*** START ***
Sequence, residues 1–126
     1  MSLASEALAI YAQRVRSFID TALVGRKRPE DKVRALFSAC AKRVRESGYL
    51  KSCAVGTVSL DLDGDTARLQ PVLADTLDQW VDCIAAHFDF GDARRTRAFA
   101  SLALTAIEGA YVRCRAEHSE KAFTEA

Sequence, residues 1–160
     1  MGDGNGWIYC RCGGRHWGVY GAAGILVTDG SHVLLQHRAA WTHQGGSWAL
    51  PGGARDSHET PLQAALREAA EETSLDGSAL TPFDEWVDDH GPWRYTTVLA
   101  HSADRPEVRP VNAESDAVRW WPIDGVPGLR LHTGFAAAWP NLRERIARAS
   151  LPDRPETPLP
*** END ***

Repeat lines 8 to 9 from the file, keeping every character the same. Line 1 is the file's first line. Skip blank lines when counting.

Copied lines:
   101  HSADRPEVRP VNAESDAVRW WPIDGVPGLR LHTGFAAAWP NLRERIARAS
   151  LPDRPETPLP